Critical connections: Islamic politics and political economy in Indonesia and Malaysia
This article explores Islamic politics in two Muslim-majority countries in Southeast Asia, Indonesia and Malaysia, by linking their trajectories, from late colonial emergence to recent upsurge, to broad concerns of political economy, including changing social bases, capitalist transformation, state policies, and economic crises. The Indonesian and Malaysian trajectories of Islamic politics are tracked in a comparative exercise that goes beyond the case studies to suggest that much of contemporary Islamic politics cannot be explained by reference to Islam alone, but to how Islamic identities and agendas are forged in contexts of modern and profane social contestation.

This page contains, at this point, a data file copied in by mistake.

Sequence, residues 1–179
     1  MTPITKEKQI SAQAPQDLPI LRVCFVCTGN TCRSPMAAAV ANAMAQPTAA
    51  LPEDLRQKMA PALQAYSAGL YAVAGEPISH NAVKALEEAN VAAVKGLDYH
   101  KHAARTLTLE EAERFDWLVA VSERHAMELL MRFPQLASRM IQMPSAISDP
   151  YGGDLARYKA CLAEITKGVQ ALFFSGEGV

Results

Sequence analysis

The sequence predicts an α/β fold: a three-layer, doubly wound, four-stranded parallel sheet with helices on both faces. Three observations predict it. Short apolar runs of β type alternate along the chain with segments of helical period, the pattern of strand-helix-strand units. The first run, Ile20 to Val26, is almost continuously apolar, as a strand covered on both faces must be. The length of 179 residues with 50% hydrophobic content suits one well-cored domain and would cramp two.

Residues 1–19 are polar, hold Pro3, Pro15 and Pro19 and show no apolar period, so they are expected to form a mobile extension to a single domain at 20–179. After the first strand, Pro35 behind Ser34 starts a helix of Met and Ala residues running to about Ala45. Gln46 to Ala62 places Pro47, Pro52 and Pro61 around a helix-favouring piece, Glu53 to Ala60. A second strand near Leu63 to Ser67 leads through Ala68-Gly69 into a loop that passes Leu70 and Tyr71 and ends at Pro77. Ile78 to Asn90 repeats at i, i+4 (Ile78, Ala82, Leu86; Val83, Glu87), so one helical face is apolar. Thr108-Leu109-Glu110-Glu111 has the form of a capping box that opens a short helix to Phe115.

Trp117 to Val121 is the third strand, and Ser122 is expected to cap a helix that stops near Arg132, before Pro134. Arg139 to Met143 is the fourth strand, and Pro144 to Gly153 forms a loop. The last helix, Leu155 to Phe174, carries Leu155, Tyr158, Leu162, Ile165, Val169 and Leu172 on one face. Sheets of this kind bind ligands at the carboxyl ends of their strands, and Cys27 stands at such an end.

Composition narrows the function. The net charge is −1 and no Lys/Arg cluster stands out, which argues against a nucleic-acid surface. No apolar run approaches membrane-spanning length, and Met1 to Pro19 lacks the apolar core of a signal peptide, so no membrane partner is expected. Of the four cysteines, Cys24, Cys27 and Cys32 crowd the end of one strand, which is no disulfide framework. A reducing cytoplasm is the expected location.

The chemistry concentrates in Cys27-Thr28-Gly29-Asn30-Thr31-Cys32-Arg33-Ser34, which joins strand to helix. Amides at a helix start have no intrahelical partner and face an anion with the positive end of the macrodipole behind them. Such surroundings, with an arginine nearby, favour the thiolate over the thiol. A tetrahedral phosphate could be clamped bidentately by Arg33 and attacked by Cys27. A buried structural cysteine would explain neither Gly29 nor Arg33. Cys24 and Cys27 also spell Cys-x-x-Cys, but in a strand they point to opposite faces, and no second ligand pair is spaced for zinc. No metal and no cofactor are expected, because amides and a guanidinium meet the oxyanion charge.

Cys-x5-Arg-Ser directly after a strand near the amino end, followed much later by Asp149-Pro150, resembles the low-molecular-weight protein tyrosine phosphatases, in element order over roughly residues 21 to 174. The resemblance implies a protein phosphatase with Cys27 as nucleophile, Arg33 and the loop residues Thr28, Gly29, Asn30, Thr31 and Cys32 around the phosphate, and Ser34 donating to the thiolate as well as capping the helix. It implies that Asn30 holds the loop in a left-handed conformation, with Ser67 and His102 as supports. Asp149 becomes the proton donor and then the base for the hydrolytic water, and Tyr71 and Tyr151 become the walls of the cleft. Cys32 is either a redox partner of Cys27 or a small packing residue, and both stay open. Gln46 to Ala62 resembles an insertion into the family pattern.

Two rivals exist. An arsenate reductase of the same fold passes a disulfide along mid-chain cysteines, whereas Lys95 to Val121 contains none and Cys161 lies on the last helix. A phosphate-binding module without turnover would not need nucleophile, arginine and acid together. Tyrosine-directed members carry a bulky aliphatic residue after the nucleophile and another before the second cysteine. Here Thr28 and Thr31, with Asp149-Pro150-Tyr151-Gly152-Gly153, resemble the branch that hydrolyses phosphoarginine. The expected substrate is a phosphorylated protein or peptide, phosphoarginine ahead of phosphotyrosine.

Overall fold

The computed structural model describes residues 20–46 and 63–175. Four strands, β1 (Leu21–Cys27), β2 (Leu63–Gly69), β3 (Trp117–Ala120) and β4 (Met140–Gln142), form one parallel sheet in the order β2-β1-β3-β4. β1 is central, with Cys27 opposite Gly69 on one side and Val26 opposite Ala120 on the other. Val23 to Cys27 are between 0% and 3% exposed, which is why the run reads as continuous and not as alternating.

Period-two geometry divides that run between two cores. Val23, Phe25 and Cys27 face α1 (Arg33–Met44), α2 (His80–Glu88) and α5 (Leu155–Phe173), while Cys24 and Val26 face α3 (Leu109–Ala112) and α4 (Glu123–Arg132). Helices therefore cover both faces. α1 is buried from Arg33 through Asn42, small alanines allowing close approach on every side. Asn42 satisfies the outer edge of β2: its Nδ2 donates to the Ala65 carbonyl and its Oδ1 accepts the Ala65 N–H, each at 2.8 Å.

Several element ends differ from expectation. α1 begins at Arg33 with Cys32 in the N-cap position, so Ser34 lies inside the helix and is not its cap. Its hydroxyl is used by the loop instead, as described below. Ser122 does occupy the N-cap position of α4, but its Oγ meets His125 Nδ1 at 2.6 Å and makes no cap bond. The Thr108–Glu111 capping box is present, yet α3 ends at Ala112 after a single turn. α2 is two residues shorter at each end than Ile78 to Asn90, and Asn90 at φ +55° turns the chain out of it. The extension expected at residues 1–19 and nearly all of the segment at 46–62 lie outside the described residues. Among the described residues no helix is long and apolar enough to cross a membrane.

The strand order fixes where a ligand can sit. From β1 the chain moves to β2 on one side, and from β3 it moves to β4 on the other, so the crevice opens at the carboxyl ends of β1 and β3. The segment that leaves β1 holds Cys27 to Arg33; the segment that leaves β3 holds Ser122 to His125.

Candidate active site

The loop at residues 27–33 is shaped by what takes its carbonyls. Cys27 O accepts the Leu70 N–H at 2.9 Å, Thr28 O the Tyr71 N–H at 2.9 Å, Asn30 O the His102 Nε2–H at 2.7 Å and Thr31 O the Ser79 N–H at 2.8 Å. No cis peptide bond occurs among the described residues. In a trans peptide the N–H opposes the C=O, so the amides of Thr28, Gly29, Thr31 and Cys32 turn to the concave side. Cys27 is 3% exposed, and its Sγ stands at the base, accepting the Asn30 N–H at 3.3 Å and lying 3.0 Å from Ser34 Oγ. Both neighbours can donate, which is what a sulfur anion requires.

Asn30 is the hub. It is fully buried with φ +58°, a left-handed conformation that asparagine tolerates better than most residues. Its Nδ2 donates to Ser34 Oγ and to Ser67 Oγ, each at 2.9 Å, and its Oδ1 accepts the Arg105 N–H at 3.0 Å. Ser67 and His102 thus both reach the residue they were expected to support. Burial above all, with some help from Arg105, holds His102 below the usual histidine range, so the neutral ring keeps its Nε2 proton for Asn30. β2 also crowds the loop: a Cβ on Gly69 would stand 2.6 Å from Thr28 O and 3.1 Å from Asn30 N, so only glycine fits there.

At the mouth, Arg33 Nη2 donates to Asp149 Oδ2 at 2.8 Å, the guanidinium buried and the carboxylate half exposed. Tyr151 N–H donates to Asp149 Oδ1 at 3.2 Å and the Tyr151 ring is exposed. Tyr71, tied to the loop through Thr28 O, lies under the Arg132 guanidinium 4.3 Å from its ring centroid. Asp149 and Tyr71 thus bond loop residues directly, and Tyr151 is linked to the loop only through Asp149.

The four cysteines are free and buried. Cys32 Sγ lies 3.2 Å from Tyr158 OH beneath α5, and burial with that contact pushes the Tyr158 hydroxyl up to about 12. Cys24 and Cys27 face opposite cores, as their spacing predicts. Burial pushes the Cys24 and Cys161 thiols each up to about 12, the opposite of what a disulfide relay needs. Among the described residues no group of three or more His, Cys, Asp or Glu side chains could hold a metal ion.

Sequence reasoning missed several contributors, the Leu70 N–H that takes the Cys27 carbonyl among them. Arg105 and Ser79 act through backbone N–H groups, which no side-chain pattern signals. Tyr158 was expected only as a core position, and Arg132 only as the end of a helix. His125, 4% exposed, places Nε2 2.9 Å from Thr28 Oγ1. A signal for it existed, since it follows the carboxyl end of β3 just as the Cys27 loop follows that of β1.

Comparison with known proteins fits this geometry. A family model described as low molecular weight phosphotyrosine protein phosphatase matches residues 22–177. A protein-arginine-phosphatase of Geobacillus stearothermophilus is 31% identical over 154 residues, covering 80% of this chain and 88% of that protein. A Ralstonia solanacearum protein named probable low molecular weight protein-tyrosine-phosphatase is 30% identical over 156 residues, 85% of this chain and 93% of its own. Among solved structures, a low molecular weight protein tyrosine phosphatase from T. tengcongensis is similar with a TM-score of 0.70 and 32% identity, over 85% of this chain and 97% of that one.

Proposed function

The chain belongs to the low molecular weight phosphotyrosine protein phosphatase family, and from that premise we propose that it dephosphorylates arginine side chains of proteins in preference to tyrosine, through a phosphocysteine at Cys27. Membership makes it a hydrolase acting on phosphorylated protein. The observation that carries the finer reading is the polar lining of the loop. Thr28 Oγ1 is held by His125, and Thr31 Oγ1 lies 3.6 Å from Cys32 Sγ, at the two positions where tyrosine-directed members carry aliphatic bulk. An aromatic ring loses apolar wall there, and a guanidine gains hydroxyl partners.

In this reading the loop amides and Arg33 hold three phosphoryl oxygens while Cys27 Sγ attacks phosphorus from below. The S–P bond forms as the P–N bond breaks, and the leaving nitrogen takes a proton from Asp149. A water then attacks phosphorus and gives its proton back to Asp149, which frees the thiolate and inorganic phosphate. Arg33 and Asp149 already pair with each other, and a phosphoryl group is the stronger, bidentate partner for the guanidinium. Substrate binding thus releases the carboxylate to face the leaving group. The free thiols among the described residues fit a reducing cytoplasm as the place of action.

Keywords: Islam, Islamization, state, economic transformation, economic crises, populism, Indonesia, Malaysia
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